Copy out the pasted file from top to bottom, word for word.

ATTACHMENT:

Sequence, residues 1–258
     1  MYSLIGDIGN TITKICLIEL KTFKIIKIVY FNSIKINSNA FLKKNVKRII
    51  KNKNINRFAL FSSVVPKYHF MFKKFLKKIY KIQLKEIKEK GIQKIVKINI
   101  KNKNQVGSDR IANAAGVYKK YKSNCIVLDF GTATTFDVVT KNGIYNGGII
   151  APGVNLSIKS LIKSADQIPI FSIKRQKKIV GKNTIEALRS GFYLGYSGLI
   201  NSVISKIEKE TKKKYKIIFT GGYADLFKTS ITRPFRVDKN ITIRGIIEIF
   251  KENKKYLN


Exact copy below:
Sequence, residues 1–258
     1  MYSLIGDIGN TITKICLIEL KTFKIIKIVY FNSIKINSNA FLKKNVKRII
    51  KNKNINRFAL FSSVVPKYHF MFKKFLKKIY KIQLKEIKEK GIQKIVKINI
   101  KNKNQVGSDR IANAAGVYKK YKSNCIVLDF GTATTFDVVT KNGIYNGGII
   151  APGVNLSIKS LIKSADQIPI FSIKRQKKIV GKNTIEALRS GFYLGYSGLI
   201  NSVISKIEKE TKKKYKIIFT GGYADLFKTS ITRPFRVDKN ITIRGIIEIF
   251  KENKKYLN